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  • Writer's pictureESSEX FREE PRESS

Local officials discuss COVID business impact with Essex Council

- MP Lewis, MPP Nicholls, MPP Natyshak,

and Medical Officer of Health joined the conversation -

by Adam Gault

A group of local political representatives, along with the Medical Officer of Health for the Windsor-Essex County Health Unit (WECHU), met with Essex Council members during Monday evening’s virtual regular meeting to discuss the impact COVID-19 restrictions have had on small business during the current Provincial lockdown.

  Following a January 18 special meeting, where Council heard from local business owners on how the closures of their businesses have impacted their financial and mental state, the Town sent correspondence to the Provincial and Federal government, requesting for immediate action in mitigating the damage done to small businesses and to address the inconsistencies in rules and regulations for retail and in-person businesses.

  During this discussion, Essex Council was joined by Essex MPP Taras Natyshak, Chatham-Kent-Leamington MPP Rick Nicholls, Essex MP Chris Lewis, and WECHU Medical Officer of Health, Dr. Wajid Ahmed. During the roundtable discussion, Council relayed the concerns from residents and small business operators with the various levels of government reps, in seeking a way for small businesses to reopen with safety measures in place.

  Speaking to how he was able to work in a manufacturing facility and office with hundreds of employees going to work everyday, Councillor Steven Bjorkman asked how it was fair for these facilities to continue to operate throughout the pandemic, while main street businesses are forced into less than effective curbside pickup.

  “That’s where the fairness doesn’t work. This idea that we’re doing our best to treat everyone fair, we’re doing our best to keep everyone safe, and everyone’s being treated the same, is not true,” Bjorkman said. “We have to get past that. We have to get these people back to work, so that they can provide for their families, so that they can bring their employees back. The double standard as to who can work and who can’t work, couldn’t be greater.”

  Councillors also raised concerns surrounding the impacts on mental health during the meeting, with Councillor Joe Garon adding that with physical and social outlets shuttered, many in the community are reaching their breaking point.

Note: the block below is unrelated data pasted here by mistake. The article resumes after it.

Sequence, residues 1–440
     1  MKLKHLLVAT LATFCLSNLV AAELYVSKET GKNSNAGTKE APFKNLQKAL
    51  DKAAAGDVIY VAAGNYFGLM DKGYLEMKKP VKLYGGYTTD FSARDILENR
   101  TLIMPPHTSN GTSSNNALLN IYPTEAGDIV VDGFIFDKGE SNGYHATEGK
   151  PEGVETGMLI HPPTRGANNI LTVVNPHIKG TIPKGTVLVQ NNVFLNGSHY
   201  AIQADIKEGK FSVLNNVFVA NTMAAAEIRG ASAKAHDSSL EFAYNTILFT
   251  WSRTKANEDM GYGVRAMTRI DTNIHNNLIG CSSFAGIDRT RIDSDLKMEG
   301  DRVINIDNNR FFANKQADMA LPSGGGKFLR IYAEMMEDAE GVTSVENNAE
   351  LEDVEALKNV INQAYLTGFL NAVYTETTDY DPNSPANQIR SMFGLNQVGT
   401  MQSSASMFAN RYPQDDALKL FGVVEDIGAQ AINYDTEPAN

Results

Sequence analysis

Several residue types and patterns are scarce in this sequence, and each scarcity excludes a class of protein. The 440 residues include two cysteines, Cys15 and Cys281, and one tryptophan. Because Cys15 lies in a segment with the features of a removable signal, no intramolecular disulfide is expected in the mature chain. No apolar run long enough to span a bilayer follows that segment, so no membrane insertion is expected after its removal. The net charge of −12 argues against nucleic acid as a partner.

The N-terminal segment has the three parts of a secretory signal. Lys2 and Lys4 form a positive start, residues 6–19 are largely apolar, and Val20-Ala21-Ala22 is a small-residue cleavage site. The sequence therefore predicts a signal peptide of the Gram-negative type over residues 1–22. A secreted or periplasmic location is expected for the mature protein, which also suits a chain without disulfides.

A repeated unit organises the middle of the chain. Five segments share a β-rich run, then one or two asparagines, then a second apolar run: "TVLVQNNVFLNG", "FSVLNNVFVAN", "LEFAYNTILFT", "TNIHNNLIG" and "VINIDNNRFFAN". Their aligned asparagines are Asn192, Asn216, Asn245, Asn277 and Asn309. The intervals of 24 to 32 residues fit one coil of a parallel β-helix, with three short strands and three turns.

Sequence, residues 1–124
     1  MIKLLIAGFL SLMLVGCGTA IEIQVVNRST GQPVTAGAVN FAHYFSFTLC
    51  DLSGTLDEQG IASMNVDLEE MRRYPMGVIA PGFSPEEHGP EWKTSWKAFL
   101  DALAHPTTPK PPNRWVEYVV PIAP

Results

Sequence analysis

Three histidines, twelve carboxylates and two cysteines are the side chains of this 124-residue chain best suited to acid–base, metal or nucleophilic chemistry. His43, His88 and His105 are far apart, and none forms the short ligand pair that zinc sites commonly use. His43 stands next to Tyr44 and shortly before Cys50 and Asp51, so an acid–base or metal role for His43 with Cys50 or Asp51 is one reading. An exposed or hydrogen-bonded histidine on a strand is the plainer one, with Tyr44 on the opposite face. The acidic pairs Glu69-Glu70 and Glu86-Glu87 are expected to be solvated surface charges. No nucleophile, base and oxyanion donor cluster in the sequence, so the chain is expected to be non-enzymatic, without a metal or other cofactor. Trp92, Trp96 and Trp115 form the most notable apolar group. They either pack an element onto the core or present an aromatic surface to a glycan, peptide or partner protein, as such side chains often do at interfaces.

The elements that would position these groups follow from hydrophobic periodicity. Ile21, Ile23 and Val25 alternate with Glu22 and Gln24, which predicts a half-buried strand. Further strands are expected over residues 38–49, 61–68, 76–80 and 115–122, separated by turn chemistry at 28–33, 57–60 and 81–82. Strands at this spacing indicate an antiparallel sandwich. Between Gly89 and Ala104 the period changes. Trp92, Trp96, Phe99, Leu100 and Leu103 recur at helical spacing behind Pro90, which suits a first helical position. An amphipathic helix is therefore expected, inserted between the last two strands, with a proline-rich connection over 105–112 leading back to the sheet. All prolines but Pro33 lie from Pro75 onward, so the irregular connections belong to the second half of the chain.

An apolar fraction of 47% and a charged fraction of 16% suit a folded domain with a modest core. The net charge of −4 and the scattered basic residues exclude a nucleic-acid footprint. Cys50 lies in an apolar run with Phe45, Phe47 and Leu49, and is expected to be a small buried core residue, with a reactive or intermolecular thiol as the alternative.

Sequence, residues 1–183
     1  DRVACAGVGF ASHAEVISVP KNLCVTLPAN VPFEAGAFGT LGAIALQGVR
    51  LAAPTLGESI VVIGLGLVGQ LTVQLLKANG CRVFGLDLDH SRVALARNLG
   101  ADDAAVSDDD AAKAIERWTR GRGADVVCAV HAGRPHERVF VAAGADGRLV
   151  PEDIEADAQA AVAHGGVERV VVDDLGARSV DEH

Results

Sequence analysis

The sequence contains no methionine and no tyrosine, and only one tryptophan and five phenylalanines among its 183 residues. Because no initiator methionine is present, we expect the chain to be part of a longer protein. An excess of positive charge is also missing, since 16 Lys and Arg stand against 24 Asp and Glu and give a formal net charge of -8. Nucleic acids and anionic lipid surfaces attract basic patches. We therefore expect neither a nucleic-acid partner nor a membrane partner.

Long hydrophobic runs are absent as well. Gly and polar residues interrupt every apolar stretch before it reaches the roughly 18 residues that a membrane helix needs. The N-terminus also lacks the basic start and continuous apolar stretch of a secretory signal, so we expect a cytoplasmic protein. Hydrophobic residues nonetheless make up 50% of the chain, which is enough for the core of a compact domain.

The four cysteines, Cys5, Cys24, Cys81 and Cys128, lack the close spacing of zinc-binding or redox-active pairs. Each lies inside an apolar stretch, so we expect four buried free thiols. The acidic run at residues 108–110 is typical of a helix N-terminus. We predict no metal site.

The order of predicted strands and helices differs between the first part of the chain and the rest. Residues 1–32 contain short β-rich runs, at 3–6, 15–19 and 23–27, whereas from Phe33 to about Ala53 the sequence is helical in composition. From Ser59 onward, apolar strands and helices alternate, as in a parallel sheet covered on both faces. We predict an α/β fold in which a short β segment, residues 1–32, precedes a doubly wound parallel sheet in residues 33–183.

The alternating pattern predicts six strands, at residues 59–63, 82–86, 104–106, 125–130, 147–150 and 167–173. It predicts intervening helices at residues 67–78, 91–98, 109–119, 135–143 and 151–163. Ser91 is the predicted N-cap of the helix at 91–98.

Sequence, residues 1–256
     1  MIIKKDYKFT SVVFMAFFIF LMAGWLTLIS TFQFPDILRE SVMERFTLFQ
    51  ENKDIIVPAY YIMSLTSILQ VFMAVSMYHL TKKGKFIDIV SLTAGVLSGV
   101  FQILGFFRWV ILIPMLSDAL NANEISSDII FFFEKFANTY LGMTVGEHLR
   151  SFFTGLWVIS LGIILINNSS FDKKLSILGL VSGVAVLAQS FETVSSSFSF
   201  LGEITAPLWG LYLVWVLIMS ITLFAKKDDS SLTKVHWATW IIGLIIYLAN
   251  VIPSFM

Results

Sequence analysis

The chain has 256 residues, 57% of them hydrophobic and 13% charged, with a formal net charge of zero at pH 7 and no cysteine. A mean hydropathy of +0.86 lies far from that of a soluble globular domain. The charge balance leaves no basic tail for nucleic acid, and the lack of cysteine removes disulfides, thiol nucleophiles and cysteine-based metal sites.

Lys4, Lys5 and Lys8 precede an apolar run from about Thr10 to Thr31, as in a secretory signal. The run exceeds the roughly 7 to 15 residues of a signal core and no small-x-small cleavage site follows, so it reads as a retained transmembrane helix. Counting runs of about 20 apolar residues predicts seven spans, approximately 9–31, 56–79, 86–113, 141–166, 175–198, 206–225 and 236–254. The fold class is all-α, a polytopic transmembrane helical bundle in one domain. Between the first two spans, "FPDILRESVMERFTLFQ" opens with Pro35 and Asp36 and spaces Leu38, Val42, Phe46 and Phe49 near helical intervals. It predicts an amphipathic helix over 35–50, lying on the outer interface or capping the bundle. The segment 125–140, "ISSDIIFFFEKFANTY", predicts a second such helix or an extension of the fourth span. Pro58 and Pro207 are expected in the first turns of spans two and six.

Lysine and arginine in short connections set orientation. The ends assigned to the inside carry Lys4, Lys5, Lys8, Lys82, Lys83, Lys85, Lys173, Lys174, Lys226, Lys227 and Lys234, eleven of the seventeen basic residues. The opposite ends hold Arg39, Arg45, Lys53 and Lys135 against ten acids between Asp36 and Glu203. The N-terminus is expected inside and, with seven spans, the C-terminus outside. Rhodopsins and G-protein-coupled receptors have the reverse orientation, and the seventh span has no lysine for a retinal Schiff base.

“I was afraid that when this all started, that it was possible that the solution we’re trying to find for the problem was going to be worse than the problem itself,” Garon said. “I’m seeing just in my house alone, we vent, and we take it out on each other, and I don’t think that’s healthy. I think that the mental health part of this whole pandemic is going to end up being the bigger problem, and I think we’re going to see the true results of that well after we’re done dealing with the COVID pandemic.”

  Dr. Ahmed disagreed with the Councillor’s take that the restrictions were causing the mental health impacts, instead stating that it was the pandemic itself that was affecting people’s mental health.

  “It would be hard to make a quantification to say what is bad, staying home versus getting sick, or hospitalized, or even worse,” Ahmed explained. “There are all of these trade offs, and that’s why it’s important that it’s not just me who is making the decision or making that recommendation. My immediate job is to save lives, my immediate job is to make sure that people stay healthy as much as possible.”

  Councillor Sherry Bondy added the Town has made its position very clear, that all small businesses are essential for the economic prosperity of not just their proprietors, but the greater health of the town as a whole.

  “Those small businesses are putting bread and butter on the table of their families,” Bondy said. “It’s mental health, it’s community vitality, it’s community wellness that we’re really ignoring. No matter how many lockdowns we have, if we don’t fix the issues in long-term care and retirement homes, then we’re going to keep spinning our wheels.”

  Making no commitment, MPP Nicholls, who is a member of Ford’s PC government, said he remains optimistic the lockdown will be lifted in mid-February, when it is reviewed by the Ontario government.

  “We’ll continue to monitor the numbers, and as the numbers go down, then things will start to open up,” Nicholls said. “Right now, I think a lot of people are suffering with what I would call ‘cabin fever,’ and we’re trying to do our best.”


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